• Watched kids
  • Made sure they ate dinner and took a bath

The students know how sad their résumés look. They complain that they’re just kids who haven’t had a chance to do anything yet. They think résumé writing in eighth-grade is dumb. This makes me smile inside because I can imagine how shocked they’ll be when they see how compelling their résumés are in the end. These students have done a lot more in life than they realize; they just need to build a stronger narrative to bring those stories to the forefront. I select a few students who listed babysitting under experience and conduct a model interview. By asking probing questions, I uncover details about their babysitting experiences, which I write on the whiteboard:
  • Maintained a roster of loyal customers for three years.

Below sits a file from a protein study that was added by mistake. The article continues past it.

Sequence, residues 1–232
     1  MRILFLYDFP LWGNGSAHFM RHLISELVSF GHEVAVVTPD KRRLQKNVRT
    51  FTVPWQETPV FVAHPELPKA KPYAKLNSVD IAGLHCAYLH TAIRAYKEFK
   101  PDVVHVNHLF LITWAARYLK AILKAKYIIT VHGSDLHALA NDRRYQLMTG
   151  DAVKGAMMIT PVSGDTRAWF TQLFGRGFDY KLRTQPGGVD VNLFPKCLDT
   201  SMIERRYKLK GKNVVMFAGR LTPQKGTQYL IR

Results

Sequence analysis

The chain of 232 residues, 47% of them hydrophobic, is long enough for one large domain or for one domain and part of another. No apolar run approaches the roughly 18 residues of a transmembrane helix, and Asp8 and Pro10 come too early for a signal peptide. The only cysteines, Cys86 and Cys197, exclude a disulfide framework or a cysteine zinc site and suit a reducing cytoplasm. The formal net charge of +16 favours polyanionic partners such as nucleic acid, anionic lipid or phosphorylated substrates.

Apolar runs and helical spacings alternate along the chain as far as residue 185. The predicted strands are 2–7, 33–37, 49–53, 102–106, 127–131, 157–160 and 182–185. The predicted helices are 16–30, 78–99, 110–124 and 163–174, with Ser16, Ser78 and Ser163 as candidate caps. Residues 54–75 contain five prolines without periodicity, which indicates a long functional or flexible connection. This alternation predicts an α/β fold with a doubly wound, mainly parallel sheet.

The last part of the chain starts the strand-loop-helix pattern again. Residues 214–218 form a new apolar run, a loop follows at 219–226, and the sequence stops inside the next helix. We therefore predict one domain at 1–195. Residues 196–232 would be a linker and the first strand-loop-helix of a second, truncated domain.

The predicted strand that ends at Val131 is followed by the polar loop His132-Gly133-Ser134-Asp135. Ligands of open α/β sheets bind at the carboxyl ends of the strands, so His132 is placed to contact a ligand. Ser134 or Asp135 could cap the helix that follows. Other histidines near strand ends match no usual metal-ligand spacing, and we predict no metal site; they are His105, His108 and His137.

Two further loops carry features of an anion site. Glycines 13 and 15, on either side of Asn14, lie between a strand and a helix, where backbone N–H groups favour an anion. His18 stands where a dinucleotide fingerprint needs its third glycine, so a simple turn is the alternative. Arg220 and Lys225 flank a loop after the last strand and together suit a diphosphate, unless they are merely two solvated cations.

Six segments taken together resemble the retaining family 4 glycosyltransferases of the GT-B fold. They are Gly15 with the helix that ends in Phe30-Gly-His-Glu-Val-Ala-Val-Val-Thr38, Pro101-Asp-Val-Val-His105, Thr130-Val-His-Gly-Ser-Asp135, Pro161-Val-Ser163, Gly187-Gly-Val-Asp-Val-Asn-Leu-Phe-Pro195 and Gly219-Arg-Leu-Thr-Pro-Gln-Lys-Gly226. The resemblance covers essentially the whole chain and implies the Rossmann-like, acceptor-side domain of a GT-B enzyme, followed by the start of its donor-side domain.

• Designed fun arts & crafts projects.
  • Created a game out of preparing healthy dinners and trying new recipes.
  • Helped one child develop a bedtime routine that parents adopted.
  • Kept children calm when a mouse got into the house. Organized them to lure and trap the mouse in the downstairs bathroom.
  • Provided homework help and oversaw the completion of chores.
Once the students see how details can punch up a résumé and add color, more details pour out until the whiteboard is covered in them. We marvel at some of the anecdotes and students view each other with new appreciation. Reading these details, what impressions do we form about the babysitter? Is this babysitter caring? Responsible? A problem solver? We generate a list of babysitter characteristics from the list of details, and I pick one characteristic to build a babysitting entry around. Which details would we include if we wanted to show how creative we are? How would we rewrite those details to emphasize our creativity? What if we wanted to highlight our resourcefulness instead of our creativity? After creating a sample entry as a class, we break into small groups to write other entries, using the characteristics and details on the whiteboard as our mystery box ingredients. When each group shares their babysitting entry at the end of class, we try to guess the characteristics being highlighted.